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Impact and Economics

Poverty, Decent Work and Economic Growth

Good vision improves economic opportunities and workforce participation.

Good vision improves economic opportunities.

Poverty is both a cause and a consequence of poor eye health. Removing the difficulties faced by individuals with vision loss can increase economic opportunities and reduce economic burden.

Access to eye care services helps reduce poverty and hunger and increases economic opportunities and employment.

 

 

Tiles for SDGS 1, 8 and 2

Key evidence from The Lancet Global Health Commission on Global Eye Health

  • Providing cataract surgery in marginalised communities can increase household incomes and alleviate poverty
    • Following the provision of cataract surgeries in marginalised communities in rural India, the proportion of households with a monthly income <1000 Rupees decreased from 51% to 21%.2
  • Addressing vision loss can increase household expenditure by 36% to 88%
    • Cataract surgery can contribute to poverty alleviation, particularly among vulnerable members of society, and increase household per capita expenditure.3
  • Providing cataract surgery can increase household per capita expenditure
    • The provision of cataract surgeries in the Philippines increased household per capita expenditure increased by 88%.4

Good vision increases workforce participation.

Good vision increases workforce participation and productivity and provides greater economic opportunities for individuals.

 

Tiles for SDGS 1, 8 and 2

Key evidence from the Commission:

  • Vision loss causes huge productivity losses
    • Vision loss is responsible for a global economic productivity loss or US$ 410 billion annually.1
  • Vision loss reduces employment
    • In people with blindness or moderate to severe vision impairment, the overall reduction in employment is 30.2%1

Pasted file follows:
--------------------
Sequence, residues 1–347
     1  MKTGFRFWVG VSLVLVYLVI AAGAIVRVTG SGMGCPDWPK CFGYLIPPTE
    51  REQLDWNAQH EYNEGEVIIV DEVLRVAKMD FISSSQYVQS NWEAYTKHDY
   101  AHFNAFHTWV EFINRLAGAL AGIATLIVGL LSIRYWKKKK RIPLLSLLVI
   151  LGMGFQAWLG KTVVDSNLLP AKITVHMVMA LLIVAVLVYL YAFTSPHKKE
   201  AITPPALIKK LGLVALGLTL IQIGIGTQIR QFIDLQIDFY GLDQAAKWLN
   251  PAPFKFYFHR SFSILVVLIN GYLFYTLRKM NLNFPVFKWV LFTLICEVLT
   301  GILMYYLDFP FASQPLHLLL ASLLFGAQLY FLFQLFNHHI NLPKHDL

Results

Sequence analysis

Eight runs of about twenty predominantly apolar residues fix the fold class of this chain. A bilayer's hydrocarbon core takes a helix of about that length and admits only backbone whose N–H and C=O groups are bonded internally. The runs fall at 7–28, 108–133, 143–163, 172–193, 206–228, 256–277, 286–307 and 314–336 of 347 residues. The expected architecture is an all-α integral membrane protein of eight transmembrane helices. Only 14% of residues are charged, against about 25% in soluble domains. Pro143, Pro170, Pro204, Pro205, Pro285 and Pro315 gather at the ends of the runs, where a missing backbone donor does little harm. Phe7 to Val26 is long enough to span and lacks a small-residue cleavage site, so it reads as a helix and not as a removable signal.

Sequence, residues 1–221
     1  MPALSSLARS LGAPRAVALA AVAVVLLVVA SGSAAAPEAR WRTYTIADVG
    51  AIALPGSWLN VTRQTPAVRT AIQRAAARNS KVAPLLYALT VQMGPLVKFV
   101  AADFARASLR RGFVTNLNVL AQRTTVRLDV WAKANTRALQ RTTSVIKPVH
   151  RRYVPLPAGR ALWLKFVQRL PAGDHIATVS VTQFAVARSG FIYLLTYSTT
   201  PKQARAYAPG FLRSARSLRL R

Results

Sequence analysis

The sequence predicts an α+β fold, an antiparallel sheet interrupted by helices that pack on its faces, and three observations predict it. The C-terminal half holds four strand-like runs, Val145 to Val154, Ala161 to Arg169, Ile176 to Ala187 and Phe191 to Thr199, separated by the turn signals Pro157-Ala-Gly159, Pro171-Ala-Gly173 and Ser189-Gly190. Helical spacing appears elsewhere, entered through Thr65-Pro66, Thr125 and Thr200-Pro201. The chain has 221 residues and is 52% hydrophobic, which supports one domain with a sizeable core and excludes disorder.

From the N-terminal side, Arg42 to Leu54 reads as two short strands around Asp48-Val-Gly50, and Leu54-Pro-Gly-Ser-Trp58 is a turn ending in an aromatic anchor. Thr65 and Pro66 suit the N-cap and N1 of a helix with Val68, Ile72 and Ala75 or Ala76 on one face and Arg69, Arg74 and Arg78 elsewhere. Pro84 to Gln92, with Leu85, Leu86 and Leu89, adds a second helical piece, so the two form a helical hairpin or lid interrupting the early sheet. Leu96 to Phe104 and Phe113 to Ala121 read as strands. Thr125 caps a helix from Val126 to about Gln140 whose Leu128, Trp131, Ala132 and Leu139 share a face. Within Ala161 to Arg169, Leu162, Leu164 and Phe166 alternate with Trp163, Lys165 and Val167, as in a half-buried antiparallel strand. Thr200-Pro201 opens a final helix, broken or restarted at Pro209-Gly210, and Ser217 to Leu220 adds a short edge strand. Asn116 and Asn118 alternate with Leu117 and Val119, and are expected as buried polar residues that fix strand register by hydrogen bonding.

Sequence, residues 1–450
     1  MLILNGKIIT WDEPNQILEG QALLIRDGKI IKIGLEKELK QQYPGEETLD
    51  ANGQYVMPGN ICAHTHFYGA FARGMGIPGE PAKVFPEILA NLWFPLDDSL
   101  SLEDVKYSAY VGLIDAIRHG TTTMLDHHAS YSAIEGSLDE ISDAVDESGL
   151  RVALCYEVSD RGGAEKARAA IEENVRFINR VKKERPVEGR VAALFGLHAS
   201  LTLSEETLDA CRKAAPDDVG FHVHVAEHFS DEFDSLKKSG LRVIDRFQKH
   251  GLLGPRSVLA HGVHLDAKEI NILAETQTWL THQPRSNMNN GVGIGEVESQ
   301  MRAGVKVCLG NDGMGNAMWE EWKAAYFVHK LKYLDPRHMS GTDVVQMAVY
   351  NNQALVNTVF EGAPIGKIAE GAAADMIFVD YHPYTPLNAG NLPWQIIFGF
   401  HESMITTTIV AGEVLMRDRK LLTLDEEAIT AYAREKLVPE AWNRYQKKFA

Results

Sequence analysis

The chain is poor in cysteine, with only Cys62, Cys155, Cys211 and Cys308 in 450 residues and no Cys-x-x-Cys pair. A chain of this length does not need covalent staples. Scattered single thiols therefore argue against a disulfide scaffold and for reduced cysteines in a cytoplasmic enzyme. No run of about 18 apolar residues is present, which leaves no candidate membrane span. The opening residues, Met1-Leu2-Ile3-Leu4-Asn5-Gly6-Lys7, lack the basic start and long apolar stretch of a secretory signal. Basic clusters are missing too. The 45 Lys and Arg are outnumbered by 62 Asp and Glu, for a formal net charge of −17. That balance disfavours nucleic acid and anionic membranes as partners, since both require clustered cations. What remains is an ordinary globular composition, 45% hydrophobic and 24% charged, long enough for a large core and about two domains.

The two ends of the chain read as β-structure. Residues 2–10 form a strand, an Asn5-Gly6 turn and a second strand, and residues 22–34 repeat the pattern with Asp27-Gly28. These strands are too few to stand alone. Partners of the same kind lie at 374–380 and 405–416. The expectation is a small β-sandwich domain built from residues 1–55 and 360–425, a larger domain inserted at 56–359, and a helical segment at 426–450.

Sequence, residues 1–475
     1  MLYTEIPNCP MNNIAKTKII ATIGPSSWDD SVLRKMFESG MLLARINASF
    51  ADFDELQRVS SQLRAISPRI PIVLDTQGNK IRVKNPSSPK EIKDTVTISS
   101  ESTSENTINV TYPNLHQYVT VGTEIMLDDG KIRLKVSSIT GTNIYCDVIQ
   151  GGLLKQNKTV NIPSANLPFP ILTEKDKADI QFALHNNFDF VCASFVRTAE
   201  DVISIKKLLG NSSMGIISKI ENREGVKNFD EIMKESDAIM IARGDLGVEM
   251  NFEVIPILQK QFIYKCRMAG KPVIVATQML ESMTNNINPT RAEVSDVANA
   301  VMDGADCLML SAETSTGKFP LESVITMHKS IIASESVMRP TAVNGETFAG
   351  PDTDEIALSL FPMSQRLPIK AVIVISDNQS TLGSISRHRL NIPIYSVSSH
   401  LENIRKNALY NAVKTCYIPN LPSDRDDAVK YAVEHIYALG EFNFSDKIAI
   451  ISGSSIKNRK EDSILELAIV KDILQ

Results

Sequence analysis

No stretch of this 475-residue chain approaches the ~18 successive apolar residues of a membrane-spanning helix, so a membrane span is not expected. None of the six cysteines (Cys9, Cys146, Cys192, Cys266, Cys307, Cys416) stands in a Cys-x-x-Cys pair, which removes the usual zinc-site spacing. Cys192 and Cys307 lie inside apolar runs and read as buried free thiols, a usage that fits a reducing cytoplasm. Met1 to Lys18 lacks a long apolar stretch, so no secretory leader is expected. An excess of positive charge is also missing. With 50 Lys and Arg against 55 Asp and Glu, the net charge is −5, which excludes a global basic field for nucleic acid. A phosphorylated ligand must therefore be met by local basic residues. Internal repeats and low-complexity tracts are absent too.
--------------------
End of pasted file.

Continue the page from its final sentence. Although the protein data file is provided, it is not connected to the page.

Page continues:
• Addressing vision loss can increase relative productivity by 22%
    • Provision of glasses for near vision impairment can result in a substantial increase in productivity and income.5

  1. Burton, M., Ramke, J., Marques, A., Bourne, R., Congdon, N., Jones, I. et al. Lancet Global Health Commission on Global Eye Health: Vision Beyond 2020. The Lancet Global Health (2021).
  2. Finger, R. P. et al. The Impact of Successful Cataract Surgery on Quality of Life, Household Income and Social Status in South India. PLoS One 7, e44268 (2012).
  3. Kuper, H. et al. Does Cataract Surgery Alleviate Poverty? Evidence from a Multi-Centre Intervention Study Conducted in Kenya, the Philippines and Bangladesh. PLoS One 5, e15431 (2010).
  4. Kuper, H. et al. Does cataract surgery alleviate poverty? evidence from a multi-centre intervention study conducted in Kenya, the Philippines and Bangladesh. PLoS One 5, (2010).
  5. Reddy, P. A. et al. Effect of providing near glasses on productivity among rural Indian tea workers with presbyopia (PROSPER): a randomised trial. Lancet Glob. Heal. 6, e1019–e1027 (2018).
Photo Credits

Tile 1 and 4: Graham Coates, Tile 2: Afriadi Hikmal, Tile 3: Seema Sharma, VisionSpring